The Jets will fly again

The Winnipeg Jets are back.

I could type that over and over again. The Winnipeg Jets are back. It’s one thing to have the NHL back, but it’s another thing entirely to get your old franchise identity back as well. Just ask Minnesota Wild fans.

Since Mark Chipman and TNSE announced the return of the NHL on May 31, a public debate regarding the new team’s name raged. A majority of the fans proclaimed that the team had to be called the Jets, with most adding that it needed to be Winnipeg Jets, not Manitoba Jets. But others disagreed, reasoning that the Winnipeg Jets identity died when the team left for Phoenix in 1996.

Rumoured names circulated around the city as everyone speculated what the team was going to be called. Manitoba Falcons. Manitoba Polar Bears. Manitoba Blizzards. These names floated around Internet forums and social media sites, with people offering justifications, explaining how the Falcons moniker would pay homage to the 1920 Winnipeg Falcons who won Canada’s first Olympic gold medal or how Polar Bears ties the province together, from Churchill to the new polar bear exhibit being renovated at the Assiniboine Zoo. Oh, and we’ve still got those Bears on Broadway statues scattered around the city! What a cute tie in.

No matter what justification was given for a new name, there was just no stopping the momentum that the Jets name had. On May 19, when the Globe and Mail released a Stephen Brunt article in which he suggested that the Thrasher deal had been completed, hundreds of Winnipeggers swarmed Portage and Main decked out in Jets gear. The historic intersection has been the backdrop for significant moments in Jets history, most notably the marquee signing of Bobby Hull in 1972. The instinctive reaction to head down to Portage and Main to celebrate a huge event is as ingrained in Winnipegger’s minds as the phrase “go Jets go.”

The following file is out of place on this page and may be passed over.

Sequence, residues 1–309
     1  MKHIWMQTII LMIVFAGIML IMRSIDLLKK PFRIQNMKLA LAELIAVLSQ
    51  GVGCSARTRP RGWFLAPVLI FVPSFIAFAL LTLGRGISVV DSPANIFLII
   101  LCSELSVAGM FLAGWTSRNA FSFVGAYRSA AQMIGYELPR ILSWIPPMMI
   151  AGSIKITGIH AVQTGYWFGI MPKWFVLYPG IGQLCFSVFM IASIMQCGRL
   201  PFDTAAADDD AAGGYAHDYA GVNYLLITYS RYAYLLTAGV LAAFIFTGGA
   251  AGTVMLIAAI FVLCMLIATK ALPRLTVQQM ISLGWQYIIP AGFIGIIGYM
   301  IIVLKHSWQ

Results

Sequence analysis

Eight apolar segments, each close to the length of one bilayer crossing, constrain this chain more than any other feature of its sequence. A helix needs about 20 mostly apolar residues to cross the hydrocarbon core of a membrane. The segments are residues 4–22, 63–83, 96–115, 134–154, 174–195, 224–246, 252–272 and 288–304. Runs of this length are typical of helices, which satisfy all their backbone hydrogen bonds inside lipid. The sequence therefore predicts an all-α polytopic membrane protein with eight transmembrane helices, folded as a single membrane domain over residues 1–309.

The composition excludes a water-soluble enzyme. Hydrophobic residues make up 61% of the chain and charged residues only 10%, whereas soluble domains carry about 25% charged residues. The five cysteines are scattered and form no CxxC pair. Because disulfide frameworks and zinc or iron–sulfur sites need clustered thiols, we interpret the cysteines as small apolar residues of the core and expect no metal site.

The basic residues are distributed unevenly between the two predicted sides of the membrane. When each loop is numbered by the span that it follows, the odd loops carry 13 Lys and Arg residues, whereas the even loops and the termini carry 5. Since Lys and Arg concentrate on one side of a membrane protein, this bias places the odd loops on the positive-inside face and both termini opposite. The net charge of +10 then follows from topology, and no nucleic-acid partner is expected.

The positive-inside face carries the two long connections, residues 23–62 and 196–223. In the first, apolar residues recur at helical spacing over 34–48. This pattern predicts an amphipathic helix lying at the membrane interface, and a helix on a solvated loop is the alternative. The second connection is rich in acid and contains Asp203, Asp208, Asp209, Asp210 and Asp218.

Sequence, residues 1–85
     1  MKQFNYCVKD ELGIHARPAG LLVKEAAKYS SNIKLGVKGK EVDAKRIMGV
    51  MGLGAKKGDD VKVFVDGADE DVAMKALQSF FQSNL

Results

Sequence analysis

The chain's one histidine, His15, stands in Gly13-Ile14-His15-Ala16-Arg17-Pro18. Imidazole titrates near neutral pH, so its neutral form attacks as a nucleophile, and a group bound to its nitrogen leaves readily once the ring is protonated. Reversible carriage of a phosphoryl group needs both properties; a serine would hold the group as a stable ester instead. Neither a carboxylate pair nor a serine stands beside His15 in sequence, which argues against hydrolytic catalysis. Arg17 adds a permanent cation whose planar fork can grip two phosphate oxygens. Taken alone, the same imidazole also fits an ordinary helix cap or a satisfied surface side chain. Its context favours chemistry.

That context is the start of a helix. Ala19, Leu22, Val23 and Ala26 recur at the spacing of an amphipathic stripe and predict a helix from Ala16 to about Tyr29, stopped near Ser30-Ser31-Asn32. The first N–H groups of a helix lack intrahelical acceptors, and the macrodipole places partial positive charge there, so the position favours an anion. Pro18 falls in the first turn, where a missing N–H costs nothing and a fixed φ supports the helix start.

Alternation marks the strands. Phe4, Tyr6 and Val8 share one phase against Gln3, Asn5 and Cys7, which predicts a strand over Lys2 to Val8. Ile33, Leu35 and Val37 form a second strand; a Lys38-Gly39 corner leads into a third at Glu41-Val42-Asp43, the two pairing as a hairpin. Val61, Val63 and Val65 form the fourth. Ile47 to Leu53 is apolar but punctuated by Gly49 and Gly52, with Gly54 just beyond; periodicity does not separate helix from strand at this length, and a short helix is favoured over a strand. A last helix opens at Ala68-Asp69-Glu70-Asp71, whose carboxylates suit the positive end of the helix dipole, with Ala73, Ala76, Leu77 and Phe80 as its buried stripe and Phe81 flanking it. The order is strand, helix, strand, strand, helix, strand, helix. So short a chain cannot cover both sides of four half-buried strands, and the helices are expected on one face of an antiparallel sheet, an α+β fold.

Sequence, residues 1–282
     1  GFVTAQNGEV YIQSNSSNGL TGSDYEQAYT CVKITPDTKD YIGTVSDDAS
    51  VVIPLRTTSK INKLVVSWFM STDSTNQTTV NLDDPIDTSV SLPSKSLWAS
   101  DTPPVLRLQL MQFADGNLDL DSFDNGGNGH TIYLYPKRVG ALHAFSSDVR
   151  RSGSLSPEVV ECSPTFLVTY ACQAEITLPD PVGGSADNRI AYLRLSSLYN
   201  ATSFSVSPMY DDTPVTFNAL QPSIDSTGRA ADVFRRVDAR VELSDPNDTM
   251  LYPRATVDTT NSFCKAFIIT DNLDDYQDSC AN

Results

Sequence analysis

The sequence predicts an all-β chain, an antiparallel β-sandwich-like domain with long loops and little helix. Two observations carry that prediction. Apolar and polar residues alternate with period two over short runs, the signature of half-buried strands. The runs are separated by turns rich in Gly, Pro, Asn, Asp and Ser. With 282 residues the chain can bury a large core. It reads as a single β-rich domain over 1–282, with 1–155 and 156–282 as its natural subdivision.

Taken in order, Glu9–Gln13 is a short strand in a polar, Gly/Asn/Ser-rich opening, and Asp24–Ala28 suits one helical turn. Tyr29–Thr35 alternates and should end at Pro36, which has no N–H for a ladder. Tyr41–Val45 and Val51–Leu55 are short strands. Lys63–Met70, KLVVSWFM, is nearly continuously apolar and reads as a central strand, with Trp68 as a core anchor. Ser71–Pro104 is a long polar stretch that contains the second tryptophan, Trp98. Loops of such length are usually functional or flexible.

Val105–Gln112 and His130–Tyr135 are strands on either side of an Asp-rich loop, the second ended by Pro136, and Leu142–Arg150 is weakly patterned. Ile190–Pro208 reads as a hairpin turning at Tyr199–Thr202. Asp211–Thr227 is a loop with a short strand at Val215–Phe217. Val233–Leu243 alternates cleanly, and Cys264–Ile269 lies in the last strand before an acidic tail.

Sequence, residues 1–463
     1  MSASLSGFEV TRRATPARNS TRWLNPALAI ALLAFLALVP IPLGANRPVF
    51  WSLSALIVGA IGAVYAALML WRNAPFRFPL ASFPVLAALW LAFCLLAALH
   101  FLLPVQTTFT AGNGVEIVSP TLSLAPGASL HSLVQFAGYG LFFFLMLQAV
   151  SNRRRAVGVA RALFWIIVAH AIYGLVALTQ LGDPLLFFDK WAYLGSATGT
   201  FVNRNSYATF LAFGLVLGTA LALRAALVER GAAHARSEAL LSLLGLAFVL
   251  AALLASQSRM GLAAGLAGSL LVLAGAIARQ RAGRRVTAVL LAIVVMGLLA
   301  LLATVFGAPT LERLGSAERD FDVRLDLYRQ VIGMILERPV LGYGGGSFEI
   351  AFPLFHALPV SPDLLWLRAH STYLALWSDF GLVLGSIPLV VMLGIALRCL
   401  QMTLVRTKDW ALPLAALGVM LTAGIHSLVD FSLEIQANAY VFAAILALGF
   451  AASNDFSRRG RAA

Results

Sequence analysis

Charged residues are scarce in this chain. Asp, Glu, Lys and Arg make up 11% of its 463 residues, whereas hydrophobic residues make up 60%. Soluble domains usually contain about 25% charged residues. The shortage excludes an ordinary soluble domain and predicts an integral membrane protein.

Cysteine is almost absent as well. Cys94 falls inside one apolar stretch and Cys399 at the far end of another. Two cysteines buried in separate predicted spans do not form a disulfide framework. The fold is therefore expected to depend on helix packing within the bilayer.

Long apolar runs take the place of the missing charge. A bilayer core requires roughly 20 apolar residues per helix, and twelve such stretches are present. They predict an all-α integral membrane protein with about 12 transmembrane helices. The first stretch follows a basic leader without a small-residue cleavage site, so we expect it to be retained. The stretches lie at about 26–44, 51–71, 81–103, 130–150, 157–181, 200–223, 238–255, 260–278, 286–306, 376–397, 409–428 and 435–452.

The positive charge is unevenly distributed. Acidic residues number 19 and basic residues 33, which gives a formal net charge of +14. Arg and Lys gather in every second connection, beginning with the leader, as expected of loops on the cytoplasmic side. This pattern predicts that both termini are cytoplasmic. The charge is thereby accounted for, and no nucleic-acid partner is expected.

The passion for the Winnipeg Jets never really went away, but for many the thought of the NHL ever returning to Winnipeg was unfathomable. Once the deal was confirmed, support for naming the team the Jets really took off. An online petition to convince True North to name the team the Winnipeg Jets reached 13,678 signatures by the time the official decision was announced during the first round of the NHL entry draft.

And when it was time to unveil the name, Chipman and company delivered in spectacular, yet typically understated, fashion. With thousands of proud fans watching the scoreboard at the MTS Centre as the entry draft unfolded in St. Paul, Minnesota, Mark Chipman took the mic as the organization prepared to announce their first-round draft pick.

“It’s now my pleasure to introduce our executive vice-president and general manager, Mr. Kevin Cheveldayoff, who will make our first pick . . . on behalf of the Winnipeg Jets.”

The dramatic pause, the faint nuances in the delivery. For all those who were at the draft or at the MTS Centre watching, that moment is etched into their memories forever. It was a moment in which dreams became reality, wrongs became right again and a goal that seemed so improbable back in 1997 was finally realized. The Winnipeg Jets are back.

Not only was going with the Jets name the right decision for the fans, but True North is now set to cash in big time with merchandise sales. Between the day of the official relocation announcement and the day of the draft, Jets merchandise flew off retailers’ shelves. Once the name was officially announced, even more folks rushed out to stock up on Jets stuff. With a redesigned logo on its way, TNSE is in great position to cash in big time.

Its been a long time coming for Winnipeg Jets fans. When October 9th finally rolls around and the Winnipeg Jets host their first home opener since 1995, this city should be rocking with perhaps the strongest showing of fan support in Winnipeg sports history. The Winnipeg Jets are back, and they’re here to stay!

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